Delhi farmer death highlights countryside crisis

Indian labourers gathering wheat Image copyright AFP
Image caption Millions of Indians depend on agriculture for their livelihood

If you believe media reports, Gajendra Singh, the man who died after hanging himself at a political rally in Delhi on Wednesday, was hardly the poorest of farmers.

Journalists visiting his village in Rajasthan found that his family owned more than 10 acres of land, growing wheat, gooseberry and teak.

To put things into perspective, 65% of land holdings in India are small, often less than an acre. In states like Rajasthan, however, medium and large holdings - over 15 acres per plot on average - make up 70% of all farmland.

Mr Singh's family lives in a single-storey six-room house. The building and the fields around it speak of an "affluent background", according to the Indian Express newspaper.

The farmer left a note - now contested by his family - saying he was "driven out of home" after his crops were destroyed by bad weather. But villagers say crop damage in the area was considerably less than in some of the worst-hit regions.

Image copyright AFP
Image caption Farming communities have been rocked by a series of suicides

Mr Singh worked on his father's fields. He is also said to have tried to make a living out of tying the colourful turbans Rajasthan is famous for.

He tried to contest elections twice and failed to get a party ticket. His Facebook page shows 66 friends and a photograph of him leaning against a Toyota sedan. "The man's heart was not in farming," a journalist reported, after visiting his village.

Eldest among three brothers - one joined the police, while the other works in a private firm in Jaipur - Mr Singh appears to have been a reluctant farmer.

If so, he would not have been alone. A 2014 survey by the Delhi-based Centre for Study of Developing Societies found that 76% of the young people employed in farming in India wanted to do some other work. More than 60%, the survey said, would prefer to leave for a job in a city. They believe farming is stressful, risky and unrewarding.

Image copyright Press Trust of India
Image caption Farmer Gajendra Singh travelled to the rally in Delhi from the western state of Rajasthan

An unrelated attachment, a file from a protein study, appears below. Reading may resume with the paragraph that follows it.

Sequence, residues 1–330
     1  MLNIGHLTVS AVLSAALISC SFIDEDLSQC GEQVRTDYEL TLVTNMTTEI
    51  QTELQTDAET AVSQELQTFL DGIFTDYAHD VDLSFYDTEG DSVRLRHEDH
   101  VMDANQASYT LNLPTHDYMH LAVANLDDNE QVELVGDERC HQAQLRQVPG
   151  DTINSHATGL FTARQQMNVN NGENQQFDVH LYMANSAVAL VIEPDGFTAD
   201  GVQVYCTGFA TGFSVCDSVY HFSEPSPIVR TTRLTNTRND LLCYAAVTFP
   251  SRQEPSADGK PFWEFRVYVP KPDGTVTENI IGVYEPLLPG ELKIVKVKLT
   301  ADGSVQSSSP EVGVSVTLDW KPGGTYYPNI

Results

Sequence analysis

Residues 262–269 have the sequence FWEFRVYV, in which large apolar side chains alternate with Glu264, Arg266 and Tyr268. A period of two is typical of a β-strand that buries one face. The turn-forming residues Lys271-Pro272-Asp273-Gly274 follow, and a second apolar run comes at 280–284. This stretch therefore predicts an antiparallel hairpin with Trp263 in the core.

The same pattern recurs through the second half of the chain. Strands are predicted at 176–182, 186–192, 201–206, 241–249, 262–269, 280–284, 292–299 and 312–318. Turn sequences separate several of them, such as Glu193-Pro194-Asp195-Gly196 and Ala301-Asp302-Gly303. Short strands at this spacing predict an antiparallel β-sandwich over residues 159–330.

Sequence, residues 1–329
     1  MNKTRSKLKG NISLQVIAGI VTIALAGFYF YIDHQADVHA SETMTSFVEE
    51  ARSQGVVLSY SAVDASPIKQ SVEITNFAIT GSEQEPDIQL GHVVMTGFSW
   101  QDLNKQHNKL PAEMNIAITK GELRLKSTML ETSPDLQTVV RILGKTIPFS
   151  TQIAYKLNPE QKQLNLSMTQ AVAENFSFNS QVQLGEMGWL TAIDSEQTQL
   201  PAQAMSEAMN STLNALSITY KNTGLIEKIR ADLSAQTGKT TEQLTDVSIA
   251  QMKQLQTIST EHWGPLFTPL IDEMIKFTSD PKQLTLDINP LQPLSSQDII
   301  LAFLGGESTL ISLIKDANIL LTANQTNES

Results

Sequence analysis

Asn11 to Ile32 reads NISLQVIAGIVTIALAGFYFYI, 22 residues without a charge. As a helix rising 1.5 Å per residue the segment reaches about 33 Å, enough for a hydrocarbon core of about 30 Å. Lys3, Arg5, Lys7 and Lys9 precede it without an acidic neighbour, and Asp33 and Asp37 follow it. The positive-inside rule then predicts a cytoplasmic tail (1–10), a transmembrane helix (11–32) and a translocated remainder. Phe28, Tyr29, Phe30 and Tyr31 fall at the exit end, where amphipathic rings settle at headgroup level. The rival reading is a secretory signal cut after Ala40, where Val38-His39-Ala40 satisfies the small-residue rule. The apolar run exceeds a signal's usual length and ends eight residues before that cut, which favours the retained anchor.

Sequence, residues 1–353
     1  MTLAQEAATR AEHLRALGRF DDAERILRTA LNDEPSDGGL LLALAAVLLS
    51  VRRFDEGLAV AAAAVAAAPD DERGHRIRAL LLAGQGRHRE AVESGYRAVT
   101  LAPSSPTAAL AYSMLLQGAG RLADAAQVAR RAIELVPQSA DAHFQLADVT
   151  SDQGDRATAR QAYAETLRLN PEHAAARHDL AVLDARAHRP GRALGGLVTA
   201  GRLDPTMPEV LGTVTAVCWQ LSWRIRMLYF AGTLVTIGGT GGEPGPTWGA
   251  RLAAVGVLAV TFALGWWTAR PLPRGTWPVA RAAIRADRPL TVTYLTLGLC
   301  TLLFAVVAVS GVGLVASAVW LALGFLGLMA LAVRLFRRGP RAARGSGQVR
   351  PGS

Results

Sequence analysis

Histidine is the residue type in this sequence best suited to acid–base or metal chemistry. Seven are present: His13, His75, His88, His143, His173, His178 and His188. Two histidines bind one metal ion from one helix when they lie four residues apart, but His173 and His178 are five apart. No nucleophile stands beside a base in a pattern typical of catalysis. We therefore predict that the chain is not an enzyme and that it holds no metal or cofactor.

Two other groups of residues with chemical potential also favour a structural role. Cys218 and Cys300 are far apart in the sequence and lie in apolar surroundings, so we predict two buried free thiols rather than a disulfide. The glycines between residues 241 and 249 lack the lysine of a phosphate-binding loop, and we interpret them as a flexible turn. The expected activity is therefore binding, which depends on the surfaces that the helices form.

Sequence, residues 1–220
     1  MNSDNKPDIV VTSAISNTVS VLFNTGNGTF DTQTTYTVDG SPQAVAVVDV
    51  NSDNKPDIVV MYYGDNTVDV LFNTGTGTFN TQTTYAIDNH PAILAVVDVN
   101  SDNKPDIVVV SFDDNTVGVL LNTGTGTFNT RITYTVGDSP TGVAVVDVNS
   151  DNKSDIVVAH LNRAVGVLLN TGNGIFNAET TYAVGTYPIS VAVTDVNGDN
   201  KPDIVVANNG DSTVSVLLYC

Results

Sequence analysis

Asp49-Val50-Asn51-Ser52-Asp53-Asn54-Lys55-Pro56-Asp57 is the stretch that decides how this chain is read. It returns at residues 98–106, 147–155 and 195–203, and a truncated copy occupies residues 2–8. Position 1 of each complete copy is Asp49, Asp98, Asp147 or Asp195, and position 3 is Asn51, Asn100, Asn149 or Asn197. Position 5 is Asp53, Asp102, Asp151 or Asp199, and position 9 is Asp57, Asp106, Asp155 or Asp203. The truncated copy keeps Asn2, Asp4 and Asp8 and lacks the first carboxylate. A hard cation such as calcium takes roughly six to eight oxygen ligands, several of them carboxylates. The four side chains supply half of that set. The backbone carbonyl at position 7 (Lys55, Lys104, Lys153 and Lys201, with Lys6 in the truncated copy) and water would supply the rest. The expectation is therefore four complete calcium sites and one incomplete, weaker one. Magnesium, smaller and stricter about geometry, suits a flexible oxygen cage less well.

Mr Singh appeared to have made the trip to the farmers' rally organised by the anti-corruption Aam Aadmi Party in Delhi in an attempt to meet its leader, Arvind Kejriwal.

His neighbours say he may have "wanted to draw attention to the problems of farmers".

He climbed to the top of the tree and tied a scarf around his neck and ended up hanging himself. One report wonders whether he slipped from a branch and hanged himself accidentally. The police are investigating.

Whatever Mr Singh's motive was - drawing attention to the crisis on his farm or trying to make a mark in politics - his tragic death has put the spotlight on the crisis in Indian farming.

"This is the worst farm distress I have been seeing in the last 10 years," Ajay Jakhar, a farmer, tells me. "It is a very serious crisis".

Image copyright AFP
Image caption India's major political parties are competing for the farmers' vote

Hundreds of debt-stricken farmers have reportedly taken their lives. Rural wages have fallen to their lowest in a decade. Tractor sales - a good indicator of farm health - are down by a third. There has been a sharp rise in outstanding farm loans over the past three years.

Experts say low commodity prices and bad weather have exacerbated the turmoil on India's farms.

International commodity prices have touched a 10-year-low and Indian farmers growing cotton, potato and rubber are among the worst affected. Wheat prices are protected as the crop is bought at a premium by the government, but unseasonal rains have wrecked the harvest.

To add to the farmers' woes, there is very little risk mitigation available. Agriculturists say India's farmers need sharper and better weather advisories, especially medium-term forecasts. They also need a comprehensive and workable crop insurance.

Image copyright AFP
Image caption Unseasonal rains have destroyed crops

Significantly, the controversy over the Bharatiya Janata Party government's land acquisition bill - which the opposition parties are crying hoarse about - appears to have nothing to do with the present anxieties.

"There are clear and present dangers right now," says a farmer. "We are not even thinking about the land acquisition bill."

Many believe that Prime Minister Narendra Modi needs to assure the farmers to stop the crisis from escalating further.

"The government is losing the war of perception," says Mr Jakhar. "The BJP is being seen as an anti-farmer party."

Do not be surprised if Mr Modi addresses farmers again in the next edition of his monthly radio address.

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